Streams

Politics in India's Really Really Big Election

Thursday, April 10, 2014

Today is the third day of voting in the 2014 Indian elections. Marshall Bouton, interim director of the Asia Society Policy Institute and former special assistant to the US ambassador to India, discusses the big issues in the vote, who the candidates are, and what role religious affiliations are playing in the election.

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Not a Rat, a Cat

Thursday, April 10, 2014

Mark Riley, journalist and political analyst, discusses recent revelations that Rev. Al Sharpton cooperated with the FBI to get information from one of New York's most notorious mafia crime families in the 1980s.

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Things That Are Too Big To Fail

Thursday, April 10, 2014

The biggest election on earth is underway in India. We'll hear about the candidates and issues on the ballot. Then: U.S. Attorney for the Southern District of New York Preet Bharara explains why he doesn't think the Moreland Commission on public corruption should have been disbanded, as well as possible charges against big banks. Plus: the long (really long) view of the Arab Spring; Al Sharpton's past with the FBI; and sifting through Medicare data.

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Talking About How Much You Make

Wednesday, April 09, 2014

President Obama has signed an executive order prohibiting government contractors from punishing workers who discuss or compare their salaries. The idea is to promote equal pay by promoting transparency. Have you ever discussed your salary with a co-worker? How did it go and what did you learn? If you were surprised, did you do anything about it? Call in and tell us about what happened when you talked about how much you make. 212-433-WNYC 212-433-9692 

Update: The Senate's Paycheck Fairness Act which would have imposed the same requirement on private employers was blocked by Republicans today. 

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Comments [26]

Parents Battle (Mostly Each Other) on Sleep

Wednesday, April 09, 2014

All parents want babies who can sleep like a baby, whatever that means. But how to get there is as fraught as a sleep deprived parent facing a dirty diaper right after they got the snow suit on! Listeners share their baby sleep solutions and conundrums with Hillary Frank, writer and creator of the podcast, The Longest Shortest Time, and Dr. Judith Owens, director of sleep medicine at Children’s National Medical Center. Is a week a long time to listen to her cry? Is 10:30pm too late for a toddler to get to bed? Will your wife ever stop sleeping with the kids? Hear the answers, and throw in your comments on kids under four and how, where, when, and why they should sleep.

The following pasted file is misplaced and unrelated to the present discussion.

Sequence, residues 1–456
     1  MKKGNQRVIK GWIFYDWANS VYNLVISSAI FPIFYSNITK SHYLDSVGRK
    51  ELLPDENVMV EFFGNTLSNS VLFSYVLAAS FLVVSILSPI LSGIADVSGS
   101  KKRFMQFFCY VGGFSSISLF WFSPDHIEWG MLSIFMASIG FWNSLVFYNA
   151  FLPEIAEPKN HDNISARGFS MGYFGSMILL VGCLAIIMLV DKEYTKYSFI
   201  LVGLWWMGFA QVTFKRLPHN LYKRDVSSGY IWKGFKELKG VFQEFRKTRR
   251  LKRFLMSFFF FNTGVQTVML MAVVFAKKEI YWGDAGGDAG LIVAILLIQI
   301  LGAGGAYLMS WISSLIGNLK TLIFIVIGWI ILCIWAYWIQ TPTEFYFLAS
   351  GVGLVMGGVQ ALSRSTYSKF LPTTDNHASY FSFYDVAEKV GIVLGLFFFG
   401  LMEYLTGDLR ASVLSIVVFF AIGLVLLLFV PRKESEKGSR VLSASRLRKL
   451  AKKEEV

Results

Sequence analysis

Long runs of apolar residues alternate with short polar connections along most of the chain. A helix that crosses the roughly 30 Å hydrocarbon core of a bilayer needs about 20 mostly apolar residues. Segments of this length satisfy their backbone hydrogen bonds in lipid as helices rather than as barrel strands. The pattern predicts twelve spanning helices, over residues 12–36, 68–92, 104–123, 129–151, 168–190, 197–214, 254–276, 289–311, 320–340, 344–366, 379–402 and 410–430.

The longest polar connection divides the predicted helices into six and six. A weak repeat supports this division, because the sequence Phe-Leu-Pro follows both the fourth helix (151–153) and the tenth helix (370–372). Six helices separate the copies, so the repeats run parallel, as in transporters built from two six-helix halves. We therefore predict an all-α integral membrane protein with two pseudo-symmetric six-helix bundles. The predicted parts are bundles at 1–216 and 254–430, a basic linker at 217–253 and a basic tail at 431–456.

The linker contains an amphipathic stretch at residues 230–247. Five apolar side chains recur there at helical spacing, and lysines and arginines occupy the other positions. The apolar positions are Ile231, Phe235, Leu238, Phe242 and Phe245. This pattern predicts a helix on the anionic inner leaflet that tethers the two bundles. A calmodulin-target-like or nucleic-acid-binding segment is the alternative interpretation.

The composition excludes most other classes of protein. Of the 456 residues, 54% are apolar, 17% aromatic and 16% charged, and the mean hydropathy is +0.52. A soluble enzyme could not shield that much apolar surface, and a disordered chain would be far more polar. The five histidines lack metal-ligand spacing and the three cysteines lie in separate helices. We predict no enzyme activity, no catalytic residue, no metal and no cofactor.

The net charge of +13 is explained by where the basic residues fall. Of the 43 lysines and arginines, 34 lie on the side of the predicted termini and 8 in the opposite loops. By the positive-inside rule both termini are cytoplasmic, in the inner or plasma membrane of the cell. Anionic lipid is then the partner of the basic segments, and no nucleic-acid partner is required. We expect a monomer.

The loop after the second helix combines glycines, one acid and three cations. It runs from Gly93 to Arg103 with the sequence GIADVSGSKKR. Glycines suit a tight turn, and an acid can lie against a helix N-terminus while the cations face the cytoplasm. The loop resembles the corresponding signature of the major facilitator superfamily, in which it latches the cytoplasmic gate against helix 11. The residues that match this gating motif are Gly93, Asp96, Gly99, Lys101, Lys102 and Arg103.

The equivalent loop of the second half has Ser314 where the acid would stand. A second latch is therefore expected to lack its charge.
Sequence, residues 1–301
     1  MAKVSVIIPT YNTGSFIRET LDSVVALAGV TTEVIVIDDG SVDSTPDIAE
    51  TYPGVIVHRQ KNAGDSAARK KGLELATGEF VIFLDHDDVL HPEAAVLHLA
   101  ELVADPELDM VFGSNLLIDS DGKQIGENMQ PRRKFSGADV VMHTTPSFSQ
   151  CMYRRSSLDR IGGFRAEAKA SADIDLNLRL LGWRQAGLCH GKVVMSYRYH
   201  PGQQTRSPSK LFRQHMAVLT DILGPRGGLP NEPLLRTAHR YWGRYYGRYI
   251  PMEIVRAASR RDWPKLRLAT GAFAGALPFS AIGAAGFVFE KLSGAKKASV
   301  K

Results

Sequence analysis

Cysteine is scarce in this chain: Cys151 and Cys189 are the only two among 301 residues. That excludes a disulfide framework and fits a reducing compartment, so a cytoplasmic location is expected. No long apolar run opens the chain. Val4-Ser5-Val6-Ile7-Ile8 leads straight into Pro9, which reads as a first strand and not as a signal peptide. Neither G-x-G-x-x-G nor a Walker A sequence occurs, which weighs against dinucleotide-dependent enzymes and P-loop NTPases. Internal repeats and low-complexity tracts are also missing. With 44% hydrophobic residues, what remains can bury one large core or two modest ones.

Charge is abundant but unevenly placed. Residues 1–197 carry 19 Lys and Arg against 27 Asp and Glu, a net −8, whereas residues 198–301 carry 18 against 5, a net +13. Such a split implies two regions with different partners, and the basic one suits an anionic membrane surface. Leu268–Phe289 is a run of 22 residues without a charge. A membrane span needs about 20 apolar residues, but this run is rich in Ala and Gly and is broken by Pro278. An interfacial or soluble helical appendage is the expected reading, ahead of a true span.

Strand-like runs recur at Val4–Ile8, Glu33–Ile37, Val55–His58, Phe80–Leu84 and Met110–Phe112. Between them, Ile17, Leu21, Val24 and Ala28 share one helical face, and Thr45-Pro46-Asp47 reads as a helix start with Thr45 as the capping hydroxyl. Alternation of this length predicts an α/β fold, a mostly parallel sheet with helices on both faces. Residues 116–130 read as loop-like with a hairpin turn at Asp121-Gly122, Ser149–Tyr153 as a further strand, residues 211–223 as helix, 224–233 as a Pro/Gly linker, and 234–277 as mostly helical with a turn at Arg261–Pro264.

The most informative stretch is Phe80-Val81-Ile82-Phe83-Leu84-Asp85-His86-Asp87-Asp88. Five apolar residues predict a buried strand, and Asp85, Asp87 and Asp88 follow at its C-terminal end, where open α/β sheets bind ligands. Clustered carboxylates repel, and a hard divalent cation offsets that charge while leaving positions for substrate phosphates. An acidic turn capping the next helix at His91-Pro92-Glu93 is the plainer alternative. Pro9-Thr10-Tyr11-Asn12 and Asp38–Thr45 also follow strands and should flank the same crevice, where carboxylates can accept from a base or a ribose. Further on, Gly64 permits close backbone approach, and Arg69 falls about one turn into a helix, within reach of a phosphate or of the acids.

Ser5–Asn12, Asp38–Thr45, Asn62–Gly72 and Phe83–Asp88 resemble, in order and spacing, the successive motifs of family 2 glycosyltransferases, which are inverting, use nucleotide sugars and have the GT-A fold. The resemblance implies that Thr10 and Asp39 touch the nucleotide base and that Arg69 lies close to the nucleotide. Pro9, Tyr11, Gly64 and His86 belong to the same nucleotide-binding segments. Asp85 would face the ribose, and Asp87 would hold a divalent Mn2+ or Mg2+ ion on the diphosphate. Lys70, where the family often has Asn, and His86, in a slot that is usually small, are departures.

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The Palisades View

Wednesday, April 09, 2014

LG has started work on its new high-rise headquarters near the Palisades in New Jersey. Christine Todd Whitman, former New Jersey governor and EPA administrator, co-chair of CASEnergy Coalition, a nuclear power advocacy group and president of Whitman Strategy Group, explains why she is against the project, which she says will spoil the natural beauty and view of the Palisades – “sticking up like a thumb in the middle of a green swath.”

Then: John Taylor, vice president of public affairs for LG Electronics USA, defends LG's plans to build its (tall) new US headquarters.

On today’s show, Whitman said she’s sensitive to the need for jobs, but that it’s not a question of whether LG should build its headquarters or not – it’s a matter of how the building is designed. “They [LG] could lay the building on its side and create the same amount of space for its employees,” she said. Whitman worried that if LG builds above the tree line, it will be a slippery slope and lead to more tall buildings near the Palisades. “I can see developers looking at this as a prime area of development,” she said. “And they’d want to go up, so they can have that view.”